Looking Forward to 2015

2015 is already well underway, but there is still a lot that I am looking forward to in the rest of the year. At work, we have some very exciting new projects coming down the pipeline. There are also lots of new toys that I want to try out.

For work, we are beginning development on some long overdue projects. I can't really talk about it yet, but once the first wave of products comes out in Q2, I will go into more detail on the new communications protocol that I was instrumental in designing. Once these products begin to hit the market, we should see some excited customers.

I attended CES earlier this year and was really impressed with some things I saw.

First up was Voltera. This is a prototype PCB printer that would be perfect for my lab. Currently, our rapid prototyping hits a brick wall when it gets to the PCB portion. Any boards that we design need to be sent to a board fabrication house and we won't get our hands on them for at least 3 days. We have 3D printers, a laser cutter, a CNC mill and a CNC lathe. We can also do mold making and vacuum formed molds. But we can't get past our PCB wall!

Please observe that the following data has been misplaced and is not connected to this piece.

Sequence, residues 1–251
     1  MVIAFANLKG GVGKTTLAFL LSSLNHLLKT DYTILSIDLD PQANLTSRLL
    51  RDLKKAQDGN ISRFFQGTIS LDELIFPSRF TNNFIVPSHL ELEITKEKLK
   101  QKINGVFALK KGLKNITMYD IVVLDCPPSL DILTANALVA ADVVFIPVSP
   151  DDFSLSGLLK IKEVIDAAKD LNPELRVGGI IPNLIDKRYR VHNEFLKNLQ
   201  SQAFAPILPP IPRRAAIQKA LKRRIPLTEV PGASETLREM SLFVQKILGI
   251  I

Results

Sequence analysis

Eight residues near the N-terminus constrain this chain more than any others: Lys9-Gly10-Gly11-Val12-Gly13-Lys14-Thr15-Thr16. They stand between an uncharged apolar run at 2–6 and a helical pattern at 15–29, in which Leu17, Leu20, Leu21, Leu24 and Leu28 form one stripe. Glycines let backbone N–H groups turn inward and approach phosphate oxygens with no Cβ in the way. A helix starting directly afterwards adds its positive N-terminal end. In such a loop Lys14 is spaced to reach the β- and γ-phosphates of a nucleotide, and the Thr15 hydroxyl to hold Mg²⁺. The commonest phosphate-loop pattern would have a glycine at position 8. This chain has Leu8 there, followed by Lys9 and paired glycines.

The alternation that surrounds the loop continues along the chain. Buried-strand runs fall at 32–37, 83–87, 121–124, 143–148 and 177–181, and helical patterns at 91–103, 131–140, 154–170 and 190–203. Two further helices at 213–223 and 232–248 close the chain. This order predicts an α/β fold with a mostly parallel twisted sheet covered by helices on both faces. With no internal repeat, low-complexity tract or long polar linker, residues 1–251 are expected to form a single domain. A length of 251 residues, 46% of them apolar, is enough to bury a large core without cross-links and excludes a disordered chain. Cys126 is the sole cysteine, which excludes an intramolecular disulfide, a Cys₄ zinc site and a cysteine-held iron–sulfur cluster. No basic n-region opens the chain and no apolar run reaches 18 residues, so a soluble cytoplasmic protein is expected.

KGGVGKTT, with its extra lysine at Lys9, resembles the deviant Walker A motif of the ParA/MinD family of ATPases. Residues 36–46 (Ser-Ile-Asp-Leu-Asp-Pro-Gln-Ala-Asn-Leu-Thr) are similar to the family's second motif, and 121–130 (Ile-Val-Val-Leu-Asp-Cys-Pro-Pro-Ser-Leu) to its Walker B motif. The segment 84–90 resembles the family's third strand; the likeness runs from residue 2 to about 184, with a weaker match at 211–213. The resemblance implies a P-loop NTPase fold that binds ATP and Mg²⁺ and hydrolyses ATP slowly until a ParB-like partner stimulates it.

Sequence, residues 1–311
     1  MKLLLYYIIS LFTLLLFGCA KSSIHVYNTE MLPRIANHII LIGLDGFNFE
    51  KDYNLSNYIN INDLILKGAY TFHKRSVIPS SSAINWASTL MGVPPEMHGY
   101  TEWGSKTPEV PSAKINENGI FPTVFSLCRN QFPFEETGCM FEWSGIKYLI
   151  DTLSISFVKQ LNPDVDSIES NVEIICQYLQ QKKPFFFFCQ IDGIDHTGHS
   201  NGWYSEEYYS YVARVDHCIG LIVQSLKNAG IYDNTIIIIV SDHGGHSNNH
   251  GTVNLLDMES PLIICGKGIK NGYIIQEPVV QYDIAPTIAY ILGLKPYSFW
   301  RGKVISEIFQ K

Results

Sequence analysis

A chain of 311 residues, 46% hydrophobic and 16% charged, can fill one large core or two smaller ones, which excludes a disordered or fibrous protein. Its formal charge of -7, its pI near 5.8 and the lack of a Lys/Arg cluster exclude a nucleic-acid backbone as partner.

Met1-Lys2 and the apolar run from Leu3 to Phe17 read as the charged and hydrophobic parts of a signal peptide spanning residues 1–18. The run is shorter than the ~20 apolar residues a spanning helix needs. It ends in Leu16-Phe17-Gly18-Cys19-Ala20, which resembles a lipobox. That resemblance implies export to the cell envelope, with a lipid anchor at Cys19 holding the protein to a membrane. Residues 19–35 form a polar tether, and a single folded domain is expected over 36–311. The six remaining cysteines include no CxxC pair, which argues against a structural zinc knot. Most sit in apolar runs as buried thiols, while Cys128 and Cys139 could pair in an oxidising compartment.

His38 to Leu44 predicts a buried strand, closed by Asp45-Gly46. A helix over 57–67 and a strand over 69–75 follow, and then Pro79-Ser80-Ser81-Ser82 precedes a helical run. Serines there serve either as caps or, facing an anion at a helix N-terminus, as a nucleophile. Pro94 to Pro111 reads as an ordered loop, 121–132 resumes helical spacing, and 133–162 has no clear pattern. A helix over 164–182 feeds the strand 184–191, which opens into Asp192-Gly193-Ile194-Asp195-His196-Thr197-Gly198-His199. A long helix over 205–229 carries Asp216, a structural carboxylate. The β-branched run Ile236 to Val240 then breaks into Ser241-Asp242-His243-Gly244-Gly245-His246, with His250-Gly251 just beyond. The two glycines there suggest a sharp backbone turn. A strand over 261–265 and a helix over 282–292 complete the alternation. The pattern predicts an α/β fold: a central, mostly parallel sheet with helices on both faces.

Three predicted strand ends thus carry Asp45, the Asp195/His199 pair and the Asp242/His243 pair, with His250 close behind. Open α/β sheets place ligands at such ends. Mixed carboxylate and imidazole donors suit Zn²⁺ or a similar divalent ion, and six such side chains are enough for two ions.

This PCB printer can do a pseudo two layer design that will work great for any of our lower density boards. While we are consistently decreasing size and increasing complexity, we still have some projects that have nice, spacious boards. Voltera will let us whip that board out in hours, instead of days, and keep our rapid prototyping running smooth.

Second was the Internet of Things. This broad category was most thoroughly represented by Zigbee. It is a class of devices that all communicate wireless through a well established protocol and can be littered throughout a building. They can do everything from sense doors opening to turning on lights to opening a garage. The protocol is well documented and freely available, which means I can make a Zigbee transmitter fairly easily.

This is a possible new product for customers who want greater control over time based events like lighting, temperature, or sound.

Finally, all of the fitness technology is exploding. My pocket pedometer looks like a relic of a bygone era next to the modern FitBit and its many clones. A lot of these have open communications protocols that would let me design hardware to interface with them. As part of a room calorimetry system, this device would add a slew of new data in a very cost effective package. The data resolution is below the standards of Sable Systems, but it's hard to complain for the price.